HIV/AIDS and the rest of the global health agenda
Jeremy Shiffman (a)
HIV/AIDS has reached the pinnacle of the global health agenda. More than 26 000 individuals attended the most recent international AIDS conference, one of the largest gatherings on international health in history. Annual funding to address HIV/AIDS in low- and middle-income countries has risen 28-fold since 1996, reaching $8.3 billion in 2005. (1)
The emergence of HIV/AIDS as a global health priority is reason for celebration, because the tide may be turning against this humanitarian crisis, and because this prioritization may have galvanized commitment to addressing other health problems in the developing world. It is also reason for concern, because the extensive focus on one disease may be crowding out resources and policy-maker attention for the many other causes of death and illness of the world’s poor people, a phenomenon that occurred in the past with powerful cause-specific campaigns. While HIV/AIDS imposes a high burden, as of 2001 it was far from the dominant cause of illness and mortality in low and middle-income countries, representing 5.3 % of deaths and 5.1 % of disability-adjusted life-years, (2) figures that are unlikely to have changed significantly since then. (1)
Ideally, governments and other actors would provide sufficient resources to address all major health conditions effectively, including HIV/AIDS. The reality is different. Health budgets in most developing countries are small. (3) Official aid for health as of 2003 (4) was less than a third of the US$ 27 billion recommended by a WHO commission. (5) Insufficient funding reflects inadequate global political commitment to address health problems — particularly those that affect poor people. This situation forces health initiatives into the unfortunate position of having to compete against one another for scarce resources. If one cause becomes dominant, others may suffer.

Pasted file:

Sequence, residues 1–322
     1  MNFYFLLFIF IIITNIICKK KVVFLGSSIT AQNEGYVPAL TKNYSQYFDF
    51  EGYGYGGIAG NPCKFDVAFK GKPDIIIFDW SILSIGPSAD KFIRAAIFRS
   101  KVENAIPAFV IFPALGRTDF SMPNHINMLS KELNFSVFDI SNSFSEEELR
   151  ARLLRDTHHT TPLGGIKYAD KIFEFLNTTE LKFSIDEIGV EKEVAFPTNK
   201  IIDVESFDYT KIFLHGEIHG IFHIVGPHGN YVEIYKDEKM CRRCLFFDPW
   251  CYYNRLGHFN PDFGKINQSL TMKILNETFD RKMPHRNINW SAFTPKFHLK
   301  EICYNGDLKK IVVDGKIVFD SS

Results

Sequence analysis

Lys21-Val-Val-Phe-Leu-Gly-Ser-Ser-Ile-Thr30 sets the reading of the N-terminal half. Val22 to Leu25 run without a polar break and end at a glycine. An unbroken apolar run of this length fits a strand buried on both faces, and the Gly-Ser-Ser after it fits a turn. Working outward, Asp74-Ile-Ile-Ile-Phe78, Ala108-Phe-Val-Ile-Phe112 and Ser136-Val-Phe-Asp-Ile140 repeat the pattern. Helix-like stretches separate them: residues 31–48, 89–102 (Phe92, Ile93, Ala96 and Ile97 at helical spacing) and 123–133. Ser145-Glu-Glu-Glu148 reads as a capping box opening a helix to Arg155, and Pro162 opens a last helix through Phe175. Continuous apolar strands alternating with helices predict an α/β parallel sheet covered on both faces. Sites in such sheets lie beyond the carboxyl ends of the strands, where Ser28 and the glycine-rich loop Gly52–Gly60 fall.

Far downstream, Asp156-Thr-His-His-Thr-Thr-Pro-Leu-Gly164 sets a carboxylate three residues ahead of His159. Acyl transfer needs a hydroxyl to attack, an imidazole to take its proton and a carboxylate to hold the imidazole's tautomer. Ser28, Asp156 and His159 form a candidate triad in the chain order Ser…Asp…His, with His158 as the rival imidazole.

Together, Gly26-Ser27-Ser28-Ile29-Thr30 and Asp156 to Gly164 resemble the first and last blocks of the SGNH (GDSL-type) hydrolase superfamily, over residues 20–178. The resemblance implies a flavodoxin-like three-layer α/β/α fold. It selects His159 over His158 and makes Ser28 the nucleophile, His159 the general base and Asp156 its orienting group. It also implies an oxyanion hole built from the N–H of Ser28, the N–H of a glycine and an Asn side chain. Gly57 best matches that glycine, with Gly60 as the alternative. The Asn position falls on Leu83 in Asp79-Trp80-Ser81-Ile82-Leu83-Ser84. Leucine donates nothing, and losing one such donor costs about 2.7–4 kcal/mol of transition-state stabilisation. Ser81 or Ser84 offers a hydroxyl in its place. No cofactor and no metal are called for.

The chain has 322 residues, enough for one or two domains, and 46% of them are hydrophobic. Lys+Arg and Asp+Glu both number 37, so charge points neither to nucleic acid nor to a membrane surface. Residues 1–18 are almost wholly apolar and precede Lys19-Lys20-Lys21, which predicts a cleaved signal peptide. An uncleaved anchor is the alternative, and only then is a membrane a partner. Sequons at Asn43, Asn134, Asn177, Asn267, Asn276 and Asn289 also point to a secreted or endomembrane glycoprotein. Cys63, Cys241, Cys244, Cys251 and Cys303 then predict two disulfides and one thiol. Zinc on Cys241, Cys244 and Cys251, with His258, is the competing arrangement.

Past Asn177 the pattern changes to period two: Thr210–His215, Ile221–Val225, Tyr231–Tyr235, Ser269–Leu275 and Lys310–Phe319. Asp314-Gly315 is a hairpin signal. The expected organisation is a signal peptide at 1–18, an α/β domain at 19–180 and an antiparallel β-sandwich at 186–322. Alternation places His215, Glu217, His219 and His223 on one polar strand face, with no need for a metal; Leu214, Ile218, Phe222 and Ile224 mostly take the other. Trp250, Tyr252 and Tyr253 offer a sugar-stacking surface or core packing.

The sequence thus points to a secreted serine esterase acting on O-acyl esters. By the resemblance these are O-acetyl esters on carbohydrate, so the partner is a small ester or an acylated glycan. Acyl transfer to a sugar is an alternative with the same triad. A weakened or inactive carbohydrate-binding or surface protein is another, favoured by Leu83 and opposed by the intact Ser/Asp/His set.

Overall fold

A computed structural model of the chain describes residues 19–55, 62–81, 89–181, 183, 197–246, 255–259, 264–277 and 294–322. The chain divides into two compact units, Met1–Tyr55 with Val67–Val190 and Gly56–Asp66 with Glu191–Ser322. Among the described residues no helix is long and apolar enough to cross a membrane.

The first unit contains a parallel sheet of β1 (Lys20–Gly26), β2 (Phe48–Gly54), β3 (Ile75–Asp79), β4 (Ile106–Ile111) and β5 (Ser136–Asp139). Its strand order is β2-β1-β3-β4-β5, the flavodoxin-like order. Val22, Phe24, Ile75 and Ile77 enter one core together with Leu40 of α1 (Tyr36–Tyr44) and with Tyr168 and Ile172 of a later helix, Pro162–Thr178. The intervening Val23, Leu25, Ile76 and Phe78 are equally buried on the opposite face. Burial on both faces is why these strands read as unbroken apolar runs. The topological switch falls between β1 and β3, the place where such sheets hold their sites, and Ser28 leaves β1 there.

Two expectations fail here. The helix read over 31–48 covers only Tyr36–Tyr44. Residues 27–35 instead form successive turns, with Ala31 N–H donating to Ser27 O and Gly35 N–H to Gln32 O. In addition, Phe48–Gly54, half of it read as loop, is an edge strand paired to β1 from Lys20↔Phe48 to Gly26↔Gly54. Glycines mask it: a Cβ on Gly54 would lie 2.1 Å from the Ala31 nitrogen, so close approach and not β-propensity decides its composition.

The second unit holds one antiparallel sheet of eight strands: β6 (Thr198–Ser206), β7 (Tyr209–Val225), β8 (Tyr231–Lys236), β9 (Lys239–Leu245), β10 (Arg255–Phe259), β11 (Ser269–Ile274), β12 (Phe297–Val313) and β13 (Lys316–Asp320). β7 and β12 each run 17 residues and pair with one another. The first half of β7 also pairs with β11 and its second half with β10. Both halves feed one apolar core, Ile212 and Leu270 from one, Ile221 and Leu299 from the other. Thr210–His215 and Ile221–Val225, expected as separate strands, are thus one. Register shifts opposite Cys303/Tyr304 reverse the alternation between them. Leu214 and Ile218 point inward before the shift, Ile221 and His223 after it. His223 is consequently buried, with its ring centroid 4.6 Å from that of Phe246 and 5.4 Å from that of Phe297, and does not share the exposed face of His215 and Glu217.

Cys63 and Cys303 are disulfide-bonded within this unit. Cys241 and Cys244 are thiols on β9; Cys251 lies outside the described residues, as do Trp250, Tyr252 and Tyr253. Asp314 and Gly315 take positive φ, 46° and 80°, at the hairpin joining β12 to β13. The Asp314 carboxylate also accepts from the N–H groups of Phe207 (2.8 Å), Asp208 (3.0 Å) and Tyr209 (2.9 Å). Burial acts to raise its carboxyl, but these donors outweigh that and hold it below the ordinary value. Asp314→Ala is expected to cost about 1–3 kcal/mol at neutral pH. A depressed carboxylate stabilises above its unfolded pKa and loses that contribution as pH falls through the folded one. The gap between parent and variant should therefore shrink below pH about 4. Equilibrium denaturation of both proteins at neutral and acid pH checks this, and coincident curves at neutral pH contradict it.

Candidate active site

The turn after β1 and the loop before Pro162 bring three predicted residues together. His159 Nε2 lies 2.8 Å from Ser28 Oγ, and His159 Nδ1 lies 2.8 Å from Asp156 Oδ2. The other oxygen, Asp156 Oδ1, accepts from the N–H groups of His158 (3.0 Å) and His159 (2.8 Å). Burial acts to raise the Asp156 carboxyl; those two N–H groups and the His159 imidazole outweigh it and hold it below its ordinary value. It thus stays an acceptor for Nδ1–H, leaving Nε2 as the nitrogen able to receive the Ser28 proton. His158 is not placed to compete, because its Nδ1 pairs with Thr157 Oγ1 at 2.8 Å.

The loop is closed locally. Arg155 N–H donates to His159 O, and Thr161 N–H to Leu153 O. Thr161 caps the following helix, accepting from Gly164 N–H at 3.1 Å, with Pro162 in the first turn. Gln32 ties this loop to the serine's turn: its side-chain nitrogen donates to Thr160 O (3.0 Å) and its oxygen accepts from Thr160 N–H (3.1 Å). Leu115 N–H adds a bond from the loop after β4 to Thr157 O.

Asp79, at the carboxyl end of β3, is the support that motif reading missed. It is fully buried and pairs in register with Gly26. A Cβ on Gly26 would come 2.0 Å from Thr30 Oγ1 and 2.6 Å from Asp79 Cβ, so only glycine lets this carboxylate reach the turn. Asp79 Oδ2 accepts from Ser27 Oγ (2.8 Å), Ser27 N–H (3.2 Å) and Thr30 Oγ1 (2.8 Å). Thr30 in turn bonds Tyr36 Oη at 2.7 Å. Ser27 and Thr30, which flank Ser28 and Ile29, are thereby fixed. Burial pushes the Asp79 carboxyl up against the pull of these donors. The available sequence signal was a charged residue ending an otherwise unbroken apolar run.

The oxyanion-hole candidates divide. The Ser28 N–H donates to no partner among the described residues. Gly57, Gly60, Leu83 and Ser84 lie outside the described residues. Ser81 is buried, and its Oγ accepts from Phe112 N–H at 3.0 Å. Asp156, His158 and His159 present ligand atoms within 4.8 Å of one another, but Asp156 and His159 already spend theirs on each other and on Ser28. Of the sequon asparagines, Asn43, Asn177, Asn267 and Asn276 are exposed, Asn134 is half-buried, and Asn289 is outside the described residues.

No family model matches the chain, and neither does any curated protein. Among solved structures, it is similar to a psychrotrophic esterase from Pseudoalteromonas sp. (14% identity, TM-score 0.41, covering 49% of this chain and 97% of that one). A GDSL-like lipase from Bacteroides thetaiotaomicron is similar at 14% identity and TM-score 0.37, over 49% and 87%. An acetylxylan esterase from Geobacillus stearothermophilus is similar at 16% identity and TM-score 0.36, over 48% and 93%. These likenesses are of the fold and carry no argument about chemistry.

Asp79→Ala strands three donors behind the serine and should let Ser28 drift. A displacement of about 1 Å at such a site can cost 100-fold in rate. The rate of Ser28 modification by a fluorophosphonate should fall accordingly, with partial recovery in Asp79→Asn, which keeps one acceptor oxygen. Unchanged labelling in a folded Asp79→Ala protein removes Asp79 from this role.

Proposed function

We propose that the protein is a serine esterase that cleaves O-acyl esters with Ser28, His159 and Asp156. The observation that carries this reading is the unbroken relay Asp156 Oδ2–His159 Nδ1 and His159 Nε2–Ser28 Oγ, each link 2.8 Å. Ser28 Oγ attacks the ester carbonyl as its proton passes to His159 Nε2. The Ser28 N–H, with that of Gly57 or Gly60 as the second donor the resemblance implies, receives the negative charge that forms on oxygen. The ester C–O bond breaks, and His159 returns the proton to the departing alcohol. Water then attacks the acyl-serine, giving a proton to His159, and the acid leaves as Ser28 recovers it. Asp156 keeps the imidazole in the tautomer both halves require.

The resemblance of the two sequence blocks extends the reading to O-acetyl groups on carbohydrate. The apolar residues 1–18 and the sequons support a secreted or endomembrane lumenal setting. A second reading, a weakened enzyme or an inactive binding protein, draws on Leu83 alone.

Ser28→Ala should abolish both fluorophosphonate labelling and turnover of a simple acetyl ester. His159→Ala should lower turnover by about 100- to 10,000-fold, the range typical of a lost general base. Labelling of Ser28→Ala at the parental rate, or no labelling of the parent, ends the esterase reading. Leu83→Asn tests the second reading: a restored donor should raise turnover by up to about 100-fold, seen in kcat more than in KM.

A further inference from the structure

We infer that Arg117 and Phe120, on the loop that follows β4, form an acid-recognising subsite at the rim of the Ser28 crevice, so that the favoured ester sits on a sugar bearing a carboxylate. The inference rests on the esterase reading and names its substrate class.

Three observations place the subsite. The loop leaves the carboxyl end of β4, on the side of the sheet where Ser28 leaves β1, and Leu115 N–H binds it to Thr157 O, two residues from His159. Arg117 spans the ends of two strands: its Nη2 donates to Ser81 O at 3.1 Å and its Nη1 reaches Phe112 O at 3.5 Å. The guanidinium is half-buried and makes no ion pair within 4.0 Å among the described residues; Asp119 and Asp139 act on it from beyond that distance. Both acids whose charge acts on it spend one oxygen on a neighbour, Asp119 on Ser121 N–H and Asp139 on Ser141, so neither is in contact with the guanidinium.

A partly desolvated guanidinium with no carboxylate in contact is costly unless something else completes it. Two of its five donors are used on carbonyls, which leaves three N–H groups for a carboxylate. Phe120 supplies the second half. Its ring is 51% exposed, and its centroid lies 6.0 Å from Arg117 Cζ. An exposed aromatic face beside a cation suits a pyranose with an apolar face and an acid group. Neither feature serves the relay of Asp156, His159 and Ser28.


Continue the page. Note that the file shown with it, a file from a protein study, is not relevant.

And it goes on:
There is increasing evidence that HIV/AIDS may be having just such crowding-out effects. The percentage of official aid for health and population devoted to HIV/AIDS is rising rapidly, more than tripling over the years 1998 to 2003 from 7.2 % to 23.8 %. (4) Aggregate amounts are stagnating for all other major causes except infectious disease control (4) (although the Gates Foundation may be countering some of these trends). In the United States of America’s budgets, the percentage for HIV/AIDS funding increased, from 9.4 to 43.1, overtaking all other categories. (4) Funding in the health sector capacity category nearly vanished, dropping from 20.2 % to 1.1 %.4 Up-to-date comparative figures are available only through the year 2003. If we include two more recent funding sources for HIV/AIDS — the Global Fund and PEPFAR (The President’s Emergency Plan for AIDS Relief) — the crowding out effects may be even more marked. Displacement effects are also apparent at the country level. For instance, with an HIV prevalence of 3.1 %, (6) Rwanda has been allocated US$ 187 million since 2003 exclusively for HIV/AIDS from three international programmes (the Global Fund, PEPFAR and the World Bank’s Multi-Country AIDS Programme), compared to only US$ 37 million annually in government expenditure on health. (7) These funds threaten to overwhelm a weak health system.